23. 23. Fri 18 - Mon 21 April 10am - 5pm EXHIBITION Easter art and sculpture exhibition Ceramic pomegranate seeds, a Rust-o-saurus, soaring swans, an iridescent stained glass Sacred Lotus, and a host of botanical art including Indonesian floral batik and water colour and ink hellebores are just a few of the designs in the portfolios of our Easter weekend exhibitors. For the first time, the popular garden sculpture and Friends art exhibitions are combined to give visitors an exceptional experience of some of the best artwork available in the West Country, all displayed in the unique setting of the Botanic Garden. Includes: refreshments, tours of the garden and demonstrations. Admission Free to Friends of the Botanic Garden (on production of membership card), University staff and children under 16. Adults £3.50. No booking required. For further information W www.bristol.ac.uk/botanic-garden/events Further information is available from the Botanic Garden March opening hours Open Monday to Friday, 10am to 4pm April opening hours Open Monday to Friday and Sundays, 10am to 4.30pm Admission Adults £3.50; University staff, students and school age children free, unless otherwise stated. Venue University of Bristol Botanic Garden, Stoke Park Road, BS9 1JG unless otherwise stated W www.bristol.ac.uk/botanic-garden E botanic-gardens@bristol.ac.uk T +44 (0)117 331 4906 Jitka Palmer Karen Edwards Jude Goss
  24. 24. ENGLISH COURSES IN MARCH Sat 1 March 10.30am - 4pm DAY COURSE Edward Thomas and Robert Frost Edward Thomas and Robert Frost were poets from either side of the Atlantic whose friendship had a profound influence on them both. To celebrate the centenary of their first meeting, this day course will explore the legacy of that friendship in their writing and we shall discuss individual poems by both men (copies to be provided). Speaker Philip Lyons, Department of English Admission Course fee £30, booking required in advance. Sat 1 March 10.30am - 4pm DAY COURSE Writing about other people’s lives This day will look at practical questions facing fiction and non-fiction writers when they write about others. How do you give a shape to a life? Can we ever really understand another person? Does a life end when a person dies? What can we learn from other people’s lives? Speaker Sarah Bakewell, Department of English Admission Course fee £30, booking required in advance. Sat 29 March 10.30am - 4pm DAY COURSE Writing autobiography, memoir, family history A day for those who enjoy writing and want to explore ways of writing about their own lives. How do you recapture the past? How do you write the events of a life? How do you bring memories back and give them new life on the page? How do you weave a pattern out of the mass of events and experiences? Speaker Sarah LeFanu, Department of English Admission Course fee £30, booking required in advance.
  25. 25. Sat 29 March 10.30am - 4pm DAY COURSE Poetry Day This is a day school in which we combine the study of poetry with writing our own. We will study published poems and use them as prompts to write on chosen themes, and to explore writing in various simple forms. Speaker Louise Green, Department of English Admission Course fee £30, booking required in advance. Sat 29 March 10.30am - 4pm DAY COURSE Marilynne Robinson The author of three highly acclaimed novels, published over a span of nearly thirty years, Robinson writes about the struggles of ordinary people with a humane understanding and in beautiful prose. We shall discuss Housekeeping (1980), Gilead (2004) and Home (2008) - the latter two closely linked through setting and characters - and reflect on some common themes, as well as what distinguishes them as individual works of art. Speaker Philip Lyons, Department of English Admission Course fee £30, booking required in advance. Venue Department of English, 3/5 Woodland Road, BS8 1TB Admission For further information and to book W www.bristol.ac.uk/english/part-time/shorts.html E english-lifelong@bristol.ac.uk T +44 (0)117 928 8924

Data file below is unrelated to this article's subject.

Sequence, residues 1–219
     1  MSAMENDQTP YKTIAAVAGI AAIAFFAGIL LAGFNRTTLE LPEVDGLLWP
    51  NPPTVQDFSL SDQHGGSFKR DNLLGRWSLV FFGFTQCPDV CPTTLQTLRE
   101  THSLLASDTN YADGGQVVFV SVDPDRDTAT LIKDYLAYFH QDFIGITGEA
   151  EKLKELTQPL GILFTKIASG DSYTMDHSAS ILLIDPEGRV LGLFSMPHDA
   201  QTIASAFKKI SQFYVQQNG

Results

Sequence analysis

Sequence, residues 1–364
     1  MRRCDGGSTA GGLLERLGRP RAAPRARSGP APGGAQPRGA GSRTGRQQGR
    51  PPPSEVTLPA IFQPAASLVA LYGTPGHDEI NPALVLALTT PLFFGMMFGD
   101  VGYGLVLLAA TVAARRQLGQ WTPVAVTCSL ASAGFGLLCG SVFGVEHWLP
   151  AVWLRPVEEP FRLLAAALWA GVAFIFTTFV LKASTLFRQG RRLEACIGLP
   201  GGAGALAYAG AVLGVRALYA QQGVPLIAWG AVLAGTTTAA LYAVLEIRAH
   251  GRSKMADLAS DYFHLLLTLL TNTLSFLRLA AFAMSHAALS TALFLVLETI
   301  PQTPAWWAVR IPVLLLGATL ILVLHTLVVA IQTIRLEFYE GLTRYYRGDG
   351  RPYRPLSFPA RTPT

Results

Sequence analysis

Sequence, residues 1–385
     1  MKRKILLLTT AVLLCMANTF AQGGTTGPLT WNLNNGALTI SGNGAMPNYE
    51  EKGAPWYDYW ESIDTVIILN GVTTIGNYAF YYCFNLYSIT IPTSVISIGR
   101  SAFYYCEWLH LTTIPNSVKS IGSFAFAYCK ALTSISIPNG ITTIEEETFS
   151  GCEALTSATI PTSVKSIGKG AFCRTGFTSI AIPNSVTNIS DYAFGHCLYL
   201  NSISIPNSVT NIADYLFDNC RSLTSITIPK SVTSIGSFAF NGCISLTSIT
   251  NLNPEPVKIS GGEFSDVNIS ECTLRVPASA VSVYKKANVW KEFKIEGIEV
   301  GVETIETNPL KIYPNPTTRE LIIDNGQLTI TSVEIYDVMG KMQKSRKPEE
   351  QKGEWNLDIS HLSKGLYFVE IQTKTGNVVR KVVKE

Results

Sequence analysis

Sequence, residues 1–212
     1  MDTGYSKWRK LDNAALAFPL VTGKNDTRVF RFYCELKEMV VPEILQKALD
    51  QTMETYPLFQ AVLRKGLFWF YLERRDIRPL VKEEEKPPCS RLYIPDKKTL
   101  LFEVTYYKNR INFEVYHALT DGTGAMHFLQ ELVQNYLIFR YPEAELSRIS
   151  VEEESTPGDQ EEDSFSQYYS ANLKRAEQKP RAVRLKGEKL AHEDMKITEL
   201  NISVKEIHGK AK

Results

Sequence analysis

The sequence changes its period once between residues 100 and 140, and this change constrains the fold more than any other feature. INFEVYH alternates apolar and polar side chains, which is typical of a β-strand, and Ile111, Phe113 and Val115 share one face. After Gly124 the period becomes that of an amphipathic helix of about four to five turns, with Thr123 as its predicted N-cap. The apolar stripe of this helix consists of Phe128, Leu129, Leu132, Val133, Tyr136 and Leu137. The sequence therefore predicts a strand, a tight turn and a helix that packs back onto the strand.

26. 26. COMING UP IN JUNE AND SEPTEMBER Friday 20 and Saturday 21 June 9.30am - 4pm Saturday 13 September 9.30am - 4pm OPEN DAYS Undergraduate open days Are you looking to study in higher education? There’s so much to think about when you’re choosing a university. With so many options on offer, it’s important you get a real feel for the universities you are applying to. We think Bristol is a great place to live and study, but don’t just take our word for it. Find out for yourself by visiting us on an open day where you will have the opportunity to: • isit academic schools and facilities V • eet the academic and support staff M • alk to current students about their experiences T • isit student accommodation V • et a feel for the city and area G • Get advice on funding and making your application Admission Free, booking required in advance. For further information and to book W www.bristol.ac.uk/opendays/ E open-days@bristol.ac.uk T +44 (0) 117 928 8623
  27. 27. If you require additional support at any of these events, e.g. wheelchair access or sign language interpretation, please contact the organiser of the event at the earliest opportunity. Talk finish times are approximate and are a guide only. If you would like to receive this monthly publication by post or email, please contact: Centre for Public Engagement University of Bristol, Senate House, Tyndall Avenue, Bristol, BS8 1TH W www.bristol.ac.uk/public-engagement E cpe-info@bristol.ac.uk T +44 (0)117 331 8313 recycle 50% recycled When you have finished with this document please recycle it. Design by www.dirtydesign.co.uk This document is printed on 50% recycled paper.